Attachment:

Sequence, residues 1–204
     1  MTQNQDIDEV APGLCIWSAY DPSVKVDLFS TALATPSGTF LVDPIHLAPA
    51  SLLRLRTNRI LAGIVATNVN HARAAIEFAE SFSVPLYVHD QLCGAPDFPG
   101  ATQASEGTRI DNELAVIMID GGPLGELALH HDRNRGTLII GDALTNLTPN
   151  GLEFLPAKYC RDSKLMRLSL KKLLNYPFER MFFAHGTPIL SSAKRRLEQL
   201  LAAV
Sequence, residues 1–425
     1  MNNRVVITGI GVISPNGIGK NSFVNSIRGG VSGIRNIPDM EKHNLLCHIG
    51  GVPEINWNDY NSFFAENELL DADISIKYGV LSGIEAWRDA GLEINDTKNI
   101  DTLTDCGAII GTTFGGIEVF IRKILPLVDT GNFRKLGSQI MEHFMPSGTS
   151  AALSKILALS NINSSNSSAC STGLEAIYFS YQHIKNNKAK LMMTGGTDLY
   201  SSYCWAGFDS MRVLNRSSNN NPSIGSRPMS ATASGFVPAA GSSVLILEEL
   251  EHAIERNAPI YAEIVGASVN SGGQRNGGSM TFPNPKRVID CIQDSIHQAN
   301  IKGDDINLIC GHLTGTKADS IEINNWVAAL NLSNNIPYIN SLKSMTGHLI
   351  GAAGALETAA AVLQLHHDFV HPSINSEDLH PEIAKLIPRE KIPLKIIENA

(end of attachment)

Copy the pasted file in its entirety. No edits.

Sequence, residues 1–204
     1  MTQNQDIDEV APGLCIWSAY DPSVKVDLFS TALATPSGTF LVDPIHLAPA
    51  SLLRLRTNRI LAGIVATNVN HARAAIEFAE SFSVPLYVHD QLCGAPDFPG
   101  ATQASEGTRI DNELAVIMID GGPLGELALH HDRNRGTLII GDALTNLTPN
   151  GLEFLPAKYC RDSKLMRLSL KKLLNYPFER MFFAHGTPIL SSAKRRLEQL
   201  LAAV
Sequence, residues 1–425
     1  MNNRVVITGI GVISPNGIGK NSFVNSIRGG VSGIRNIPDM EKHNLLCHIG
    51  GVPEINWNDY NSFFAENELL DADISIKYGV LSGIEAWRDA GLEINDTKNI
   101  DTLTDCGAII GTTFGGIEVF IRKILPLVDT GNFRKLGSQI MEHFMPSGTS
   151  AALSKILALS NINSSNSSAC STGLEAIYFS YQHIKNNKAK LMMTGGTDLY
   201  SSYCWAGFDS MRVLNRSSNN NPSIGSRPMS ATASGFVPAA GSSVLILEEL
   251  EHAIERNAPI YAEIVGASVN SGGQRNGGSM TFPNPKRVID CIQDSIHQAN
   301  IKGDDINLIC GHLTGTKADS IEINNWVAAL NLSNNIPYIN SLKSMTGHLI
   351  GAAGALETAA AVLQLHHDFV HPSINSEDLH PEIAKLIPRE KIPLKIIENA